from The American Heritage® Dictionary of the English Language, 5th Edition.
- noun A passage for drawing up smoke or air.
- noun Understanding; comprehension.
- noun An act of taking in or absorbing, especially into a living organism.
from The Century Dictionary.
- noun A pipe or duct or channel leading gas, water, steam, or other liquid upward from below: used of part of a boiler furnace flue-system, in the gas-producer, blast-furnace, and elsewhere; specifically, a flue leading hot gas from the combustion-chamber or smoke-box to the chimney, in gas-making or in boiler-settings.
- noun The act of taking up; lifting.
- noun Perceptive power; apprehension; conception: as, he is quick in the uptake. Scott, Old Mortality, vii. The upcast pipe from the smoke-box of a steam-boiler, leading to the chimney.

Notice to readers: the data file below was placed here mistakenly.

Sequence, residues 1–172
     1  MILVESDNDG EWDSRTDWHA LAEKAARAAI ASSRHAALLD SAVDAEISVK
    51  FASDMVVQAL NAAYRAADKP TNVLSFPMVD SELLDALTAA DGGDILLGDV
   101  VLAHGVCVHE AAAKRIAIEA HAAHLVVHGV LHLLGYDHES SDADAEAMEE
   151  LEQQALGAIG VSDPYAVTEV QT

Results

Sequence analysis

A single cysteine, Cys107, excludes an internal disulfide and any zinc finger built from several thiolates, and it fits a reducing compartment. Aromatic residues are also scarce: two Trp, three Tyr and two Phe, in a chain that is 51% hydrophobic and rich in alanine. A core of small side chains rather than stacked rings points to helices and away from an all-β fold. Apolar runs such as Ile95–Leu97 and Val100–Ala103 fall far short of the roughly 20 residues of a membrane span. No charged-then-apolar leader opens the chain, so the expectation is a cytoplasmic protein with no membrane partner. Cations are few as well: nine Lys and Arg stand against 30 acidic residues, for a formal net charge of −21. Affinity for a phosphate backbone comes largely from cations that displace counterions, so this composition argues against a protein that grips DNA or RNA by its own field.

- To take up; take into the hand.
- To succor; help.
from the GNU version of the Collaborative International Dictionary of English.
- noun The pipe leading upward from the smoke box of a steam boiler to the chimney, or smokestack; a flue leading upward.
- noun Scot. Understanding; apprehension.
- transitive verb obsolete To take into the hand; to take up; to help.
from Wiktionary, Creative Commons Attribution/Share-Alike License.
absorption, especially of foodor nutrientby an organism
- noun dated a
- verb archaic To
take up, to lift.
from WordNet 3.0 Copyright 2006 by Princeton University. All rights reserved.
- noun the process of taking food into the body through the mouth (as by eating)
- noun a process of taking up or using up or consuming
from Wiktionary, Creative Commons Attribution/Share-Alike License
From Middle English uptaken, equivalent to up- + take.
Sorry, no example sentences found.